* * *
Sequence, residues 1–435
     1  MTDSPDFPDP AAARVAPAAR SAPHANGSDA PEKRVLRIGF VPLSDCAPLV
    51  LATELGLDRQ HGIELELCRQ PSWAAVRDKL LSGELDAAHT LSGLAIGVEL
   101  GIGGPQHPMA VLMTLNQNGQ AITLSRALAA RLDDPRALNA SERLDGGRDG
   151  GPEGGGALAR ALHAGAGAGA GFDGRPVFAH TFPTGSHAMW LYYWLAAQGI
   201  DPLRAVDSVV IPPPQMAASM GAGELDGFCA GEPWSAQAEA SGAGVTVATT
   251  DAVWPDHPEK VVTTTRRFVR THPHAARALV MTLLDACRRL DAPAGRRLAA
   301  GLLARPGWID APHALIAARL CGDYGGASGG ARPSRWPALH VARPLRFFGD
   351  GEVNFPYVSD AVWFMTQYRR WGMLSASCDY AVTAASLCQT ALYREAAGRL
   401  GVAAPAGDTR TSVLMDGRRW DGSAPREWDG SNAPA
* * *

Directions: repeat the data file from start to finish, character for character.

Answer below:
Sequence, residues 1–435
     1  MTDSPDFPDP AAARVAPAAR SAPHANGSDA PEKRVLRIGF VPLSDCAPLV
    51  LATELGLDRQ HGIELELCRQ PSWAAVRDKL LSGELDAAHT LSGLAIGVEL
   101  GIGGPQHPMA VLMTLNQNGQ AITLSRALAA RLDDPRALNA SERLDGGRDG
   151  GPEGGGALAR ALHAGAGAGA GFDGRPVFAH TFPTGSHAMW LYYWLAAQGI
   201  DPLRAVDSVV IPPPQMAASM GAGELDGFCA GEPWSAQAEA SGAGVTVATT
   251  DAVWPDHPEK VVTTTRRFVR THPHAARALV MTLLDACRRL DAPAGRRLAA
   301  GLLARPGWID APHALIAARL CGDYGGASGG ARPSRWPALH VARPLRFFGD
   351  GEVNFPYVSD AVWFMTQYRR WGMLSASCDY AVTAASLCQT ALYREAAGRL
   401  GVAAPAGDTR TSVLMDGRRW DGSAPREWDG SNAPA